What I'm suggesting is making it so we can specify certain variables that retain their value when a turf is replaced. (So that the value of the variable isn't set back to its initial value in the New proc.)
Some built-in vars already function this way. i.e. contents and loc.
It's easy to see how useful this could be. For example, if there is a level of light shining onto a turf, when it changes to a new turf, the amount of light shining on it wouldn't change, so the variable for light should remain the same. I'm sure there are many uses for this feature.
It could be implemented as a simple type specifier such as how tmp, const, and static currently function. The keyword 'dynamic' could be used. (Similar to the 'dynamic' keyword in C++ and similar in usage.)
So, the following code would be how to use this feature:
dyn_var1 = 0 //optional default value set when world is created
Of course, there are currently some ways to do this, although, all of them cause the code to either become needlessly inflated or cause other issues that make them unfeasible.
New(L, some_var, another_var, random_var, too_many_vars) //easily inflated
//can't forget to always pass every parameter in new
//can't have parameters for other purposes
dyn_var1 = some_var
dyn_var2 = another_var
This method causes obvious problems. It inflates the new proc, because it needs another parameter for every new variable. And since those parameters are taken, you can't use them for other purposes. Also, you have to remember every time you use new to make a turf to pass the turf's own variables. Many obvious problems.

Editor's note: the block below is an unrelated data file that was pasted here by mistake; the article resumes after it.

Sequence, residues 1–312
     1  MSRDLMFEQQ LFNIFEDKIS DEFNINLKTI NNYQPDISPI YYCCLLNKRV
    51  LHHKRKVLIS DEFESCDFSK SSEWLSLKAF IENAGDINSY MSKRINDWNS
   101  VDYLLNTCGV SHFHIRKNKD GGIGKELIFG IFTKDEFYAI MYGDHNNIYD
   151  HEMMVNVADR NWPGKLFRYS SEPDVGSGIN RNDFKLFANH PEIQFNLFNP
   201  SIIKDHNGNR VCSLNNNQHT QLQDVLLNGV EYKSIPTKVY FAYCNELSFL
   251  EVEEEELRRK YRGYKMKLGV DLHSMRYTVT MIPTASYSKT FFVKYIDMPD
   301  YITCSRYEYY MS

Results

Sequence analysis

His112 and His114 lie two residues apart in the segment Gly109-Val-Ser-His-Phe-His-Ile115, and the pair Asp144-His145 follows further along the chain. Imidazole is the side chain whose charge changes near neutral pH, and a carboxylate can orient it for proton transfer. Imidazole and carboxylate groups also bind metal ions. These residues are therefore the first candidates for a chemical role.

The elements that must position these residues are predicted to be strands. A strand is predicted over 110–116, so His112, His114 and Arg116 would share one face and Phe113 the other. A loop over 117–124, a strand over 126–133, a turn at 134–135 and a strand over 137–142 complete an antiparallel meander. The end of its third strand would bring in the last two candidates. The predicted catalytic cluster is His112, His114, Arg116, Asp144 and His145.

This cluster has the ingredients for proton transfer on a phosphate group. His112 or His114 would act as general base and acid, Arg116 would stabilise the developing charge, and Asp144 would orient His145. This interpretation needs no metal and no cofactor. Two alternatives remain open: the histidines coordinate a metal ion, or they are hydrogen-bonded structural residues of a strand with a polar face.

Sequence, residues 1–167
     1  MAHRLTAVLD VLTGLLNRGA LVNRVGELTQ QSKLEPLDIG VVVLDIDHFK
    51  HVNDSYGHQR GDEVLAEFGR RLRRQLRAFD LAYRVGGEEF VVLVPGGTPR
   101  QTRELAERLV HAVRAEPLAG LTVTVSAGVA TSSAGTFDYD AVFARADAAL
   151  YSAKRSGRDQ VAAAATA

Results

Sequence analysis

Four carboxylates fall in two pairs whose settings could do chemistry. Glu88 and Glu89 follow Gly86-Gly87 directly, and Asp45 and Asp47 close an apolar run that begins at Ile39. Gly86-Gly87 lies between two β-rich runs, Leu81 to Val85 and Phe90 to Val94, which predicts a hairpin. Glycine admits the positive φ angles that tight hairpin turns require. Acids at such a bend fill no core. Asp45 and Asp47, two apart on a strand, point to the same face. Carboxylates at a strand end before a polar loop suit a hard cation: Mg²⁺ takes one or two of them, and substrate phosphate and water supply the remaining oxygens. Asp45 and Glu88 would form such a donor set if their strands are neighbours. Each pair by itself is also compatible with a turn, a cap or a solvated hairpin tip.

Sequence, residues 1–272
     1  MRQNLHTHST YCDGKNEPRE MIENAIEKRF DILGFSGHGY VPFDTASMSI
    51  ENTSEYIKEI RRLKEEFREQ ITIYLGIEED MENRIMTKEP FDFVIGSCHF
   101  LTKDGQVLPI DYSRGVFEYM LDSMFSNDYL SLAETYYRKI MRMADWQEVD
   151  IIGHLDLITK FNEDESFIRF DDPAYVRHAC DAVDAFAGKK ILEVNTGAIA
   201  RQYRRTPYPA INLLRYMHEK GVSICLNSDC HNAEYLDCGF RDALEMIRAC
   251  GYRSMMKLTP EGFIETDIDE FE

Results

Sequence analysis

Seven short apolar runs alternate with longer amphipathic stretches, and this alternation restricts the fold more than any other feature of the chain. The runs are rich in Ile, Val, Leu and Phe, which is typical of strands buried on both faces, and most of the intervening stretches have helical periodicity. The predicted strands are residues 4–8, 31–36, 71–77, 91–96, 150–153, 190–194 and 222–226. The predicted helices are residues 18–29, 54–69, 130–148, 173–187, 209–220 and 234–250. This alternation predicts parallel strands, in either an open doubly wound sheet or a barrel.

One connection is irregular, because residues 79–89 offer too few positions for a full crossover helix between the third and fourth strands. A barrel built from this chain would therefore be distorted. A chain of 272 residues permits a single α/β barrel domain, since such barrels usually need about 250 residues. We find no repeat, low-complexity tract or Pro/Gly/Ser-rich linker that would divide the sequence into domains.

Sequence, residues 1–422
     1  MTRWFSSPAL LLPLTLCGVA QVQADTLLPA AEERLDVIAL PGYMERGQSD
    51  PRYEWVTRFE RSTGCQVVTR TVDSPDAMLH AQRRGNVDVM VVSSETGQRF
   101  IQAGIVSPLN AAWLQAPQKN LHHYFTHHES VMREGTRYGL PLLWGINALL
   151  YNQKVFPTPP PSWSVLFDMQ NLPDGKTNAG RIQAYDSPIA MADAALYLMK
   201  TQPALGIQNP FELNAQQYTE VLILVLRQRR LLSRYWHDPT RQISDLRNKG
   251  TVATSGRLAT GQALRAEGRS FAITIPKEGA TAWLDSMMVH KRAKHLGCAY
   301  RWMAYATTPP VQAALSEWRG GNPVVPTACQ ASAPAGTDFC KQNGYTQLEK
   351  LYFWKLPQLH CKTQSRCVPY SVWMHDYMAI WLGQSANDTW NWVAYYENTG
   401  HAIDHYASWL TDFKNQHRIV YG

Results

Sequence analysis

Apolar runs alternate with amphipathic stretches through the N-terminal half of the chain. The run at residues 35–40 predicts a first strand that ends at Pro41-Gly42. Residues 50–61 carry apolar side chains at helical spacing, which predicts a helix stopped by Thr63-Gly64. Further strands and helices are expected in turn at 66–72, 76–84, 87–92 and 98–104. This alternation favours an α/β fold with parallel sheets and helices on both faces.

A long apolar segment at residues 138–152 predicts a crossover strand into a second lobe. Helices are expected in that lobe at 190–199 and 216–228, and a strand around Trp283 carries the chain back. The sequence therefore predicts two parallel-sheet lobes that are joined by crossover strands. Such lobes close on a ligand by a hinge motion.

Del() //also easily inflated
var/temp1 = dyn_var1
var/temp2 = dyn_var2
var/temp3 = dyn_var3
spawn() //spawn causes write-protection issues
dyn_var1 = temp1
dyn_var2 = temp2
dyn_var3 = temp3
This causes the code to become inflated as well, since you need an additional 2 lines for every variable. This is better than the first method, since you can still use New() without taking up countless parameters. And since the assignments can't take place until the next New() proc is called, they have to be spawned so they occur after. Spawning is not what we want here, since the variables should be set before the New() proc is called.
For every turf, it could have an invisible object on it that contains all of those variables that is created when the world is created. However, this causes the added overhead of needing to create objects in a loop for every turf in the world, which could cause a slow start-up. There's also the problem of having to use an extra level of indirection to access the values, not to mention you'd have to search the contents to find the object before you could access it.
There are other methods, I'm sure, but none of them are useful for maintaining a solid code base.